The top Democrat in the Iowa Senate says it’s too early to back any potential presidential candidate, even Iowa Governor Tom Vilsack. Senate Co-Leader Mike Gronstal, a Democrat from Council Bluffs, says 2008 is a long way away. “I’ve made no commitments to anybody at this time,” Gronstal says. “I’m going to wait to see what the lay of the land looks like.”
Gronstal says “everybody” has a chance in Iowa’s next Caucuses. “Iowa’s a state that doesn’t make snap judgments on candidates,” Gronstal says. He cites the 2004 Iowa Caucuses which saw perceived front-runner Howard Dean finish third.
Gronstal dismisses the idea a Vilsack candidacy would impact Iowa’s Caucuses the same way native-son Tom Harkin’s run for the White House did in 1992. “If you look back to 1992, most of the presidential candidates afterwards indicated they thought it was a mistake to skip Iowa,” Gronstal says. “I don’t think you’ll see presidential candidates skip Iowa if, in fact, we have a favorite son (who) runs.”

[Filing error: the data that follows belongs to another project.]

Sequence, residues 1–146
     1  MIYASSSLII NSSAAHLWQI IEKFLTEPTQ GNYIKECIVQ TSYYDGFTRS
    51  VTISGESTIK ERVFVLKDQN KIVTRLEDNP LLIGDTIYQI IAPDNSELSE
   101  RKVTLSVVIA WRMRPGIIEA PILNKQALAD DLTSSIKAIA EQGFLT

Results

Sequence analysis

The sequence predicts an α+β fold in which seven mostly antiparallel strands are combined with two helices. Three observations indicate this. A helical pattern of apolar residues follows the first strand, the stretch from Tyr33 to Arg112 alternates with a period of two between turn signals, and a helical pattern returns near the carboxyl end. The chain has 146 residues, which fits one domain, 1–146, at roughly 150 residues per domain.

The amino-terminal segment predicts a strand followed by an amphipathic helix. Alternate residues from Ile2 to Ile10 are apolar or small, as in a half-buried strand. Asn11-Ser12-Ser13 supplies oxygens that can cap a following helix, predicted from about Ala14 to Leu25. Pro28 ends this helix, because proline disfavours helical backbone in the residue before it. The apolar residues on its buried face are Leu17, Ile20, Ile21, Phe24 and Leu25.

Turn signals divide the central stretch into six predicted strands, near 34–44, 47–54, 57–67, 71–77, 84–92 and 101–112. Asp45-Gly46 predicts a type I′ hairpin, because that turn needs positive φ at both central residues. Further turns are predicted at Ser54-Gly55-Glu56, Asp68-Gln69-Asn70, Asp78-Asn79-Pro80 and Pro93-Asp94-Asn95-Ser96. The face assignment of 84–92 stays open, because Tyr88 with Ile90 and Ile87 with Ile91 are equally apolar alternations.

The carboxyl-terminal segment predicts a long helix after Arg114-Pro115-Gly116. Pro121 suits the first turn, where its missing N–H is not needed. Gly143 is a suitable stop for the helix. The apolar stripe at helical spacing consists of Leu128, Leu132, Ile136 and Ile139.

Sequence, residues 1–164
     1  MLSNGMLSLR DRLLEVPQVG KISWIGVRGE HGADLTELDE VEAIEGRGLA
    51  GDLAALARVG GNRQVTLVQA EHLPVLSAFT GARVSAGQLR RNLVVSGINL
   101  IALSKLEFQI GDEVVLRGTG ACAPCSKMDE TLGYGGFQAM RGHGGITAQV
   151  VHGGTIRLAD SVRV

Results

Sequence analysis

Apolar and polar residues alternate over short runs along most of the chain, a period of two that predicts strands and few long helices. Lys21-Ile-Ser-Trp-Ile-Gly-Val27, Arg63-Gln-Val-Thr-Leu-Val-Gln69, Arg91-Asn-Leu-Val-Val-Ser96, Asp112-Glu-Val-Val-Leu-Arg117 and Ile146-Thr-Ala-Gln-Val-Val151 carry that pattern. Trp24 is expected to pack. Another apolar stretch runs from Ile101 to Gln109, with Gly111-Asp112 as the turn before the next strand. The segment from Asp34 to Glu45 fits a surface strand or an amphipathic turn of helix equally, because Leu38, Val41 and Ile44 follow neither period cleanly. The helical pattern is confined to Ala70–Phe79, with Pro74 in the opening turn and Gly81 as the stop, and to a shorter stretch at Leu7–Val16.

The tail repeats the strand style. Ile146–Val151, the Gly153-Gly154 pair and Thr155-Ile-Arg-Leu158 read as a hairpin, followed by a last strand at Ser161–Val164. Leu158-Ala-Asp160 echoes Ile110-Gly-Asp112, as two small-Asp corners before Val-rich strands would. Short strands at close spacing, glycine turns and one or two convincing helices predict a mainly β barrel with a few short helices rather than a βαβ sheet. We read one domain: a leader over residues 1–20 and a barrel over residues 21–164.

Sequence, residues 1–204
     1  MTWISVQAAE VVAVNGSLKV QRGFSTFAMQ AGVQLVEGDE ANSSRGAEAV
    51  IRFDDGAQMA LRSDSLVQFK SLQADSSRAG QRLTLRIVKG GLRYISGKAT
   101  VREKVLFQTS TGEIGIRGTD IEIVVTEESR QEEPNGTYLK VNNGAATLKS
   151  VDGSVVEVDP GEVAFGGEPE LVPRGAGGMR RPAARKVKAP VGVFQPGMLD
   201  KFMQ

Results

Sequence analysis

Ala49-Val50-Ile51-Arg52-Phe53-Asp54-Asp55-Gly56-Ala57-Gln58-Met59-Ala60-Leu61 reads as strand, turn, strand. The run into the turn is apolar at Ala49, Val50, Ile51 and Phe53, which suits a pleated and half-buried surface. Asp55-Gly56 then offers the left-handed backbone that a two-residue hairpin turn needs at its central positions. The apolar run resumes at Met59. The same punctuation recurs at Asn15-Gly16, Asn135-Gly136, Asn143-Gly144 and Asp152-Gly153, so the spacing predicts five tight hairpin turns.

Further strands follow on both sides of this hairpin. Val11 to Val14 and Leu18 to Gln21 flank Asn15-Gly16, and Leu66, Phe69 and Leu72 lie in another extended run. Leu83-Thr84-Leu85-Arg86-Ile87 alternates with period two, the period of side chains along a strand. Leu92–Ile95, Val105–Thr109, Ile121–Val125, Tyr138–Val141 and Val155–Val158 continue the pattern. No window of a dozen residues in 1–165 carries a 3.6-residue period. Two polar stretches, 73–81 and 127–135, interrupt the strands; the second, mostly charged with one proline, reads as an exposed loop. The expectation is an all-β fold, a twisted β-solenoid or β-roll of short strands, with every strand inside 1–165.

Former Virginia Governor Mark Warner was in Iowa Thursday to meet privately with Gronstal and a few other Democrats, then Warner headlined a fundraiser for Congressman Leonard Boswell. Warner, a potential presidential candidate, says he can’t comment now on how a Vilsack campaign might impact his own decision about running in Iowa’s 2008 Caucuses.
Warner says if Vilsack decides to run, he’ll be a “powerful force” in the party. Warner says, though, that Democrats should focus on the 2006 election and remind voters that Republicans have mismanaged the nation’s finances. “We need to point out not only this administration’s failures, but how we would right the ship,” Warner says.
The former Virginia governor says his state had an “honest” debate about finances while he was its chief executive. Iowa Republicans, meanwhile, yesterday attacked Warner for raising taxes while he was governor. Warner, a graduate of Harvard Law School, is a multi-millionaire who co-founded Nextel, a cellular company.